The review was structured in so far as a list of terms was defined and used to search electronic data bases in a methodological manner, but was not intended to be a systematic review with pre-defined data extraction forms, plans for data synthesis, quality assessment or specific selection criteria [19]. The electronic bibliographic databases MEDLINE, EMBASE, CINAHL, POPLINE and the Cochrane library were searched to 2009 with no earlier date or language restriction. The databases were searched using the following terms alone and in combination: infection control AND [mater* OR neonat* OR health care OR health system OR quality care] AND [sepsis OR infection] AND [control OR prevent*]. No language restrictions were applied. Over 2000 articles were initially found. The titles and abstract of the articles were screened. First, articles on infection control interventions in community settings, antenatal care, abortion care, interventions directed specifically at the child or neonate and on specific infections (e.g. malaria, tuberculosis, HIV) were excluded. In a second step, we attempted to find articles from developing countries and related to infection during childbirth and safe or clean delivery. Almost no relevant articles were identified, so we included articles of general infection control measures and from developed countries. This yielded 116 articles.

The abstracts of these 116 resulting articles were scrutinised by two of the authors independently and in some cases, full texts were retrieved with 54 articles eventually found to be relevant to our objective. The selection of these 54 articles was not based on specific criteria, but on subjective decision making based on whether the article provided useful information on potential means to prevent infection transmission in labour and delivery units and whether interventions described were likely to overcome problems and challenges relevant to health systems in low resource settings.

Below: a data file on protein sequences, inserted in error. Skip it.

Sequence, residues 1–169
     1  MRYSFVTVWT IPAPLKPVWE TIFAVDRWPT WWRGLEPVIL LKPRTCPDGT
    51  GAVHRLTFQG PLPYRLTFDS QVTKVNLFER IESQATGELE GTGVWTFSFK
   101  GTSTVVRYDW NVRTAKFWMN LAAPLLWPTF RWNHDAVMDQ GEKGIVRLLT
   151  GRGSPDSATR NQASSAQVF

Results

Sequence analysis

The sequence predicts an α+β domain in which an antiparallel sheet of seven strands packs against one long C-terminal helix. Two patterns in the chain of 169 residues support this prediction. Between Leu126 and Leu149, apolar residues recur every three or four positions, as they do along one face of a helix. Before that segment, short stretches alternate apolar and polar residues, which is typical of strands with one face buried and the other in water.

Websites were searched based on the authors pre-existing knowledge of international agencies working in relevant areas, including United Nations agencies (UNICEF, UNFPA, World Health Organization); maternal health groups (American College of Nurse Midwives, Engender Health, International Confederation of Midwives, International Federation of Gynaecologists and Obstetricians, JHPIEGO, John Snow Inc, Partnership for Maternal, Newborn and Child Health); and quality, patient safety and surveillance organisations (Agency for Healthcare Research and Quality, Centres for Communicable Diseases, National Institute for Health and Clinical Excellence, Patient Safety Alliance, Quality Assurance Project). Web based citations from published papers were also searched.


The articles included had a global or overall developing country perspective. Reviews and guidelines were found (Table 1) and primary studies seeking to evaluate the effects of various infection interventions (Table 2). The developing countries included in the studies were in Asia (Nepal, India, Pakistan, Thailand), Africa (Egypt, Malawi, Mozambique, South Africa) and South America (Argentina and Columbia).

Table 1 Examples of infection control guidelines
Table 2 Studies on effectiveness of multifaceted infection control measures

Characteristic problems related to infection control in developing countries include bad antibiotic prescribing practices, poorly functioning laboratory services, lack of surveillance data and sub-optimal design or construction of buildings and water and sanitation systems. Overcrowding of facilities and insufficient numbers of health workers are commonly noted. Increased bed numbers, nurse to patient ratios and bed space are known to have negative effects on infection transmission. Managers roles are not well specified, which contributes to the poor quality of services [2023]. The combination of limited resources and general health conditions such as malnutrition, anaemia, and underlying infectious disease pose added risks [24]. Given such challenges, establishment of good infection control practices are believed to require a broad spectrum of interventions which address the availability and use of appropriate technologies, clear procedural guidelines and functionality of the health system [2527].